Notable achievements in sustainable infrastructure include:

Quality of life — In addition to improving cross-river mobility, this project is expected to yield substantial economic growth and development outcomes for the region. The anticipated outcomes include significant job creation — not just during construction, but also after project completion. More efficient traffic circulation in Jefferson County and a reduction in traffic congestion in downtown Louisville is expected to generate overall improvements to the business environment, including better access and increased productivity. Also, the project will expand the region’s capacity to handle anticipated population increases and more business and government services moving to the area.

The project team held a series of public information sessions and open houses to help familiarize the public with the project’s design. In addition, innovative health and safety measures were put in place to protect construction laborers and operators during construction.

Leadership — Since the project crosses state lines, the project team had to evaluate the differences in environmental laws and regulations as well as transportation agency policies on both sides of the Ohio River. Several potential barriers to achieving sustainable performance for the project were identified and mitigated, which are a testament to the Indiana Department of Transportation and the Kentucky Transportation Cabinet’s commitment to sustainability and cooperation for the good of the entire region.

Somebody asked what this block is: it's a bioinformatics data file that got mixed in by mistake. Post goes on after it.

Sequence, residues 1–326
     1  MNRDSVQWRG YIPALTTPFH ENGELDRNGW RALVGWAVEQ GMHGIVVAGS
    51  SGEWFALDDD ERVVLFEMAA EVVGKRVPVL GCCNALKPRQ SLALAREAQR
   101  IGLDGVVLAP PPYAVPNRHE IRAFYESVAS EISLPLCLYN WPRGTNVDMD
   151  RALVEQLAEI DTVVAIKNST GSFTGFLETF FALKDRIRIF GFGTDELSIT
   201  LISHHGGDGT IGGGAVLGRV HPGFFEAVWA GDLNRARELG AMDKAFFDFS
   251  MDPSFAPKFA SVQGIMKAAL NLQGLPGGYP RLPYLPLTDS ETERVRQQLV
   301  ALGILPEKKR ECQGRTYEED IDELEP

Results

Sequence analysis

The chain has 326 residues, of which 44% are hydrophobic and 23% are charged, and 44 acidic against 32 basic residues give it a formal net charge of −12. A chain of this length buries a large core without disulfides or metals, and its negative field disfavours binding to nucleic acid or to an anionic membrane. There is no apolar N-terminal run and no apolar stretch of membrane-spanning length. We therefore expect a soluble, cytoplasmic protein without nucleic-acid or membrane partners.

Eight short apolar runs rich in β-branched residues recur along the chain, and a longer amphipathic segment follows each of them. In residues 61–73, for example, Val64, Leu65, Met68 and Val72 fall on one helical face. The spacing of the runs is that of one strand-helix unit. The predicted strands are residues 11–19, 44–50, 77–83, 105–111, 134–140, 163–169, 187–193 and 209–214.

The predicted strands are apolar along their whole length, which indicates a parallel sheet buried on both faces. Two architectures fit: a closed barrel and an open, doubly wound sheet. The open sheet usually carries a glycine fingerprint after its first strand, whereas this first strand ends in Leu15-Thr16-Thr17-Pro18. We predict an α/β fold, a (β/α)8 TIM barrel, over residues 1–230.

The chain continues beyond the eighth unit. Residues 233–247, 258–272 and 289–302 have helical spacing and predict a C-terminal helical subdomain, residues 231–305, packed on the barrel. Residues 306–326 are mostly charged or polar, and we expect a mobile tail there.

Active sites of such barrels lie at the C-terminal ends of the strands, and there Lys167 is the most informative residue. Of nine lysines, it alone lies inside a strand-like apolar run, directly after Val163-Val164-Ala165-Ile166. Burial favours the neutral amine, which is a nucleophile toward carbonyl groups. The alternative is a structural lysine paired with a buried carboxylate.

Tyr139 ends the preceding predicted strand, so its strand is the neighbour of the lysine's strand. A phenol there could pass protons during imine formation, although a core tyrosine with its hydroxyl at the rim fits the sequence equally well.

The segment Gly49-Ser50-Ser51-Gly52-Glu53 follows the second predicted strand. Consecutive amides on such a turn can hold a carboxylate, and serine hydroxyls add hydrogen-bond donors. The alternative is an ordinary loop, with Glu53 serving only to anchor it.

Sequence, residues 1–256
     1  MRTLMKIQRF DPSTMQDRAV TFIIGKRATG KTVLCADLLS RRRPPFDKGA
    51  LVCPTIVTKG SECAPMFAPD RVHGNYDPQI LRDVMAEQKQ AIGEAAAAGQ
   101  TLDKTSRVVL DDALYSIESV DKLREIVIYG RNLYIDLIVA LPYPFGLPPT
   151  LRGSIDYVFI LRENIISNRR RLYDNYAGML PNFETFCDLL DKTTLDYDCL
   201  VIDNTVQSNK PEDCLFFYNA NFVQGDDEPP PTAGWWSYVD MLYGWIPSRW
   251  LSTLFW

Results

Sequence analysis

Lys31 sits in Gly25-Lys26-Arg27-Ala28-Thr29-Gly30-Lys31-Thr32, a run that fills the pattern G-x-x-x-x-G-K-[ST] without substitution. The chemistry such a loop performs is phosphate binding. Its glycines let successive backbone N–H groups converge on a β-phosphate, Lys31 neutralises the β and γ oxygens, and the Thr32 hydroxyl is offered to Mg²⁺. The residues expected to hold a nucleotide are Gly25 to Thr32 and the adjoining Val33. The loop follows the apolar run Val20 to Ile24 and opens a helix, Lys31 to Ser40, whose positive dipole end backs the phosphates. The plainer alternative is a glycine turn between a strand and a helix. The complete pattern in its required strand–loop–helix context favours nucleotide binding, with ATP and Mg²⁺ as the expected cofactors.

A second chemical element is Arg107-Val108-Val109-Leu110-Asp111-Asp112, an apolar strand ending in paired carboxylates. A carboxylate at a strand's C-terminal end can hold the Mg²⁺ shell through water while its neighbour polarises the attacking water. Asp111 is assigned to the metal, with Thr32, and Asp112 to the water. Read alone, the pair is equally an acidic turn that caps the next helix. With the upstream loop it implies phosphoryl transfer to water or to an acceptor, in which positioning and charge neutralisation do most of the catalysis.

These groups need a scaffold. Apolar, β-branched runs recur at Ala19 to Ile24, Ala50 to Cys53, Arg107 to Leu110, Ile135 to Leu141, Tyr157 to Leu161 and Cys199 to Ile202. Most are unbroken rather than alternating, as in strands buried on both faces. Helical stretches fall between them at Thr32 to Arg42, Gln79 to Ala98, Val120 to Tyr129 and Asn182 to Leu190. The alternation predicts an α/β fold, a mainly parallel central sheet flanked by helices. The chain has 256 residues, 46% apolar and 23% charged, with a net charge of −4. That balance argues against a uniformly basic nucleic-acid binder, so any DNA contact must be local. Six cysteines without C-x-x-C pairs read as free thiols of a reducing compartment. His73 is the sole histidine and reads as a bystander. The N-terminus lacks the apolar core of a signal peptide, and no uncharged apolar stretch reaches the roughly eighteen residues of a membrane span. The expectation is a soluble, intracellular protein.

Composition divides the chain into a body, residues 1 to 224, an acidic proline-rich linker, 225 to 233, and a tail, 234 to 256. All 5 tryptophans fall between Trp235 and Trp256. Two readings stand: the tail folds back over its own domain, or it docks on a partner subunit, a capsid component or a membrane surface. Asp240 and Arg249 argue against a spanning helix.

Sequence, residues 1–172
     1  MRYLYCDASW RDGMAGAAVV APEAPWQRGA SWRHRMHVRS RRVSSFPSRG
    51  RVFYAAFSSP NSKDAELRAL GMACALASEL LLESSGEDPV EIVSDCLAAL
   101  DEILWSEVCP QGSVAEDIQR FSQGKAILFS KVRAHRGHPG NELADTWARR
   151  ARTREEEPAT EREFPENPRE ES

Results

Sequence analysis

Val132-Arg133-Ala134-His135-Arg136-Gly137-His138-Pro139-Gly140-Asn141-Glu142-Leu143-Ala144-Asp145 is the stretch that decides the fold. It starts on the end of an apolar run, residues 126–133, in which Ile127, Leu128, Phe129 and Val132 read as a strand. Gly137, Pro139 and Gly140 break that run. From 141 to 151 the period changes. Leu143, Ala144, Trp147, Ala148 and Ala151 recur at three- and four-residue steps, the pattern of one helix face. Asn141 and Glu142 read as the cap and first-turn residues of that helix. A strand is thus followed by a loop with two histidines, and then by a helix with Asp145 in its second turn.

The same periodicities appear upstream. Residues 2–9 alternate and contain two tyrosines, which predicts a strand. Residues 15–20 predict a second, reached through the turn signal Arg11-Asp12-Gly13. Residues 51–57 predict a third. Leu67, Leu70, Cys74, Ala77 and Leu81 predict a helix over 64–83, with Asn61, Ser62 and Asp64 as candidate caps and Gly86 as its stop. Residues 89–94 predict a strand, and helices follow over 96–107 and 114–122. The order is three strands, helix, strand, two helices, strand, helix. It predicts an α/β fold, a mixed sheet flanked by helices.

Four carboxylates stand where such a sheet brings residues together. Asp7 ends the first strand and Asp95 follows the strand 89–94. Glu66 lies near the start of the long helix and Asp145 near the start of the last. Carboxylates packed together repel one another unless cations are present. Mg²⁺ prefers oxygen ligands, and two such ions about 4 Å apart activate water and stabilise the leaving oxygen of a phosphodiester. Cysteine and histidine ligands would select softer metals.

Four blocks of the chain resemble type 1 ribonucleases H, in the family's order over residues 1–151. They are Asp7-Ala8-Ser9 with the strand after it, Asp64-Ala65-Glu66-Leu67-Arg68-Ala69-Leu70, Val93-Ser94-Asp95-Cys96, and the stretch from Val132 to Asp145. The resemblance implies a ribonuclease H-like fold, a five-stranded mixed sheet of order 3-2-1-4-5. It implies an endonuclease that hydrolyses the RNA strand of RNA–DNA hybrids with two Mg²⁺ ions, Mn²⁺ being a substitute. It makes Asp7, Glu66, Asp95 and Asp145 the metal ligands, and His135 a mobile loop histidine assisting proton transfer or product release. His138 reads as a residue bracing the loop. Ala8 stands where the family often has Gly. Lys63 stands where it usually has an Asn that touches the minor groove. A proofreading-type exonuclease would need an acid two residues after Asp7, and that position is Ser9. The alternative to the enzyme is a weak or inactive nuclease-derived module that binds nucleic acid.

Also, throughout the project, hundreds of public meetings, workshops, and design sessions were held with a variety of stakeholder groups and organizations from both states that helped to shape and influence the project. The project team incorporated changes to the project based on stakeholder feedback, including incorporation of noise barriers and aesthetic enhancements such as decorative fencing, lighting, and pedestrian railings to preserve the historical elements of the area, and an overlook on the shared-use path.

Climate and risk — The project team reviewed regional climate change assessment and adaptation plans to identify climate change risks and possible responses. Frequency and intensity of heat waves and flooding were among the most significant climate change-related risks identified. As a result, the project team established many measures to guard against these risks, including a minimum vertical alignment for the corridor to account for a 100-year flood event for the retaining walls and highway bridges, and a 500-year flood event for the tunnel, roadway, and cable-stayed bridge.

In design of the project, the project team also took into account several natural and human-induced hazards such as fires, earthquakes, and accidents. Several strategies were included in the project design to safeguard against these hazards, including implementing a tunnel emergency response plan in cooperation with several local city and state agencies, and designing the project beyond regulatory requirements to be able to withstand potential earthquake events.

“We are pleased to present the ORB-EEC project with the Envision Platinum award,” said ISI President Bill Bertera. “This project demonstrates multiple-state cooperation and a commitment to sustainability on the part of the entire project team and the communities served.”

More information about the ORB-EEC project is available at http://eastendcrossing.com.


Information provided by the Institute for Sustainable Infrastructure (www.sustainableinfrastructure.org).